The body restoration was carried out between October 2018 and February 2019. The uncharacteristically fine weather in South East England at the end of 2018 was a massive boon as much of the work had to be done on Peter’s driveway. His garage is, shall we say, ‘somewhat compact’. The main problem – and, we suspect, the thing that put many buyers off – was the roof guttering; in the event around three-quarters of it needed renewing.
Peter repaired this in sections by first cutting away the affected area back to good metal and then making two replacement pieces – one for the top and one to go underneath which were spot-welded together on the outside; the original join was inside but Peter thinks this method, as well as being slightly easier, means there’s less of a moisture-trap and thus less risk of the problem recurring. Even so, work of this kind isn’t easy but an excellent job has been done with joins between sections visible.
Elsewhere, repair sections were made and let into the cab floor and a pair of front wheelarches made and fitted. Repair sections are available for some of these, but Peter chose to make his own due partly to longish lead-times but also because, as a skilled and experienced metalworker, he is more than capable of doing it himself. The rear wheelarches needed some repairs at the top, but the curved lower sections were good. Localised repairs were also needed to the front panel corners behind the front bumper; these are fairly complex due to the triple curves etc., involved in forming them. Some localised chassis repairs were required along with one new outrigger.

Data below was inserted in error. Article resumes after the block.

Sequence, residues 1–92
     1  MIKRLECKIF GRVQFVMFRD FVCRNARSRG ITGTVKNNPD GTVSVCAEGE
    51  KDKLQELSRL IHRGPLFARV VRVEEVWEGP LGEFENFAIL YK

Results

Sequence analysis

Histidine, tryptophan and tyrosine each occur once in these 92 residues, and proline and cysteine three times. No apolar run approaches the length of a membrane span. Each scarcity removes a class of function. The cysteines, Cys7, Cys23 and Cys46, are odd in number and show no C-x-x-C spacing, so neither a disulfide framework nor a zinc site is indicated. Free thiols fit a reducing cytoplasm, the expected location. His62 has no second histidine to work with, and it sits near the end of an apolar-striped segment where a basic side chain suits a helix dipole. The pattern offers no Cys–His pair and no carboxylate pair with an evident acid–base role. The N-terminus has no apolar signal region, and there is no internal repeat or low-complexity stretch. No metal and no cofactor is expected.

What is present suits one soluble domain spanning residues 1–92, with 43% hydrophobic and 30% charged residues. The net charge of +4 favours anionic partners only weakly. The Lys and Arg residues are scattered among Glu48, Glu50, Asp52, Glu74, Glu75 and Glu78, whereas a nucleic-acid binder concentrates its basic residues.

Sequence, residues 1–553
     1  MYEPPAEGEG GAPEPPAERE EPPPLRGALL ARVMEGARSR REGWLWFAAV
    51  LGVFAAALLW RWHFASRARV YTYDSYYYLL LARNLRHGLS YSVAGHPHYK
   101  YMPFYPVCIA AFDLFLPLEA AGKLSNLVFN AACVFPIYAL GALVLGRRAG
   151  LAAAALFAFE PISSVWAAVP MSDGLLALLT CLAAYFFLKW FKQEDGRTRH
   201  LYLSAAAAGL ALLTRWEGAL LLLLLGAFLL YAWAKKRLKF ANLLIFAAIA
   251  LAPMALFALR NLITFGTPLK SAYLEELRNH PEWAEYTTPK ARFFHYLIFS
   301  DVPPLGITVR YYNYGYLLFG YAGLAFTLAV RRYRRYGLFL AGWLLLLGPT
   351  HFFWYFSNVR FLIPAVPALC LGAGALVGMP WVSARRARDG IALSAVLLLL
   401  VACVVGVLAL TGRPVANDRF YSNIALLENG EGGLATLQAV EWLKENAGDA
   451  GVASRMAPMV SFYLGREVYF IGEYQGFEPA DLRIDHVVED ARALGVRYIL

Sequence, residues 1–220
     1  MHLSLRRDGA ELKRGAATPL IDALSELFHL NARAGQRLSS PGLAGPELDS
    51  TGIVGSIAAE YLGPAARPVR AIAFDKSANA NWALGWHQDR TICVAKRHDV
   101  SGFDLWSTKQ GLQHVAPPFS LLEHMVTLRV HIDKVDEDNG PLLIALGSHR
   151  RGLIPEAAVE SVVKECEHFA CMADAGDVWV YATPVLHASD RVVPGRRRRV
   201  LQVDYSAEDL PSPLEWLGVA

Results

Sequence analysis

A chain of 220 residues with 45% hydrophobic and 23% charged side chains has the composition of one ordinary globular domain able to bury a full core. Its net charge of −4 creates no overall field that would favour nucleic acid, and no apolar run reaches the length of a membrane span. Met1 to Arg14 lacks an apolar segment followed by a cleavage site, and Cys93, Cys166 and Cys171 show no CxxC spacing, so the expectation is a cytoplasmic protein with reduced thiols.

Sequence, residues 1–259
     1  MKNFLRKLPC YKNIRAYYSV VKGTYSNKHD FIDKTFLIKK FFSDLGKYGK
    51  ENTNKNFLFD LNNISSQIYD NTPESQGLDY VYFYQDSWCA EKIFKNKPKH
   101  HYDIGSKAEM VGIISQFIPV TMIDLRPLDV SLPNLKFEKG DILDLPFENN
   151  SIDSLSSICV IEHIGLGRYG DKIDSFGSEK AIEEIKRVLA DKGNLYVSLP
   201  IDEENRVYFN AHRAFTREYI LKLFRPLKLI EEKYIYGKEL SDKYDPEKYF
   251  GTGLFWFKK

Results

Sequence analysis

When it came to painting, Peter clearly had no choice but to do it inside his garage, though even with the van hard over on one side there was less than 2ft clear space along the side. The job had to be done in two stages; with the van in nose-first he could paint the front and the nearside, then he turned it round to do the offside and the back.
That left fitting up and a few finishing touches to complete the job. New rubbers – again supplied by the 400E Club – were fitted to the rear doors. As Peter runs a business manufacturing and supplying period-style roof racks for classic cars, it’s no surprise that one of these now sits on the front of his Dormobile’s roof, with the name ‘Tess’ on a plate on the front.
Oh, and a strip of solar-powered LED lights – obtained from, of all places, the local Lidl supermarket – have now been incorporated into the bottom of the elevating roof. An inexpensive solution which is pretty-much invisible until switched on at night, when, apparently, it supplies more than enough light to read by…
The van was finally finished in March of this year – just a couple of weeks before our photoshoot in fact, and its first ‘public appearance’ is likely to be in May or June. One or two jobs are outstanding – a set of front door rubbers have been acquired but these have yet to be fitted – something which Peter expects to be “a bit of a challenge” due to the uneven gaps built into this area.
He’s also considering changing the floor covering for a black and white squared ‘American Diner’ type material which would, he feels, go better with the red vinyl seats. Finally, while the tyres currently fitted are almost new, they are car tyres, and Peter suspects the 400E would be better with a set of proper LCV tyres…
So there we have it – a fine job, carried out in remarkably short time, and with minimal facilities but with skill, determination and above all, a willingness to learn and practice new skills. We absolutely love it!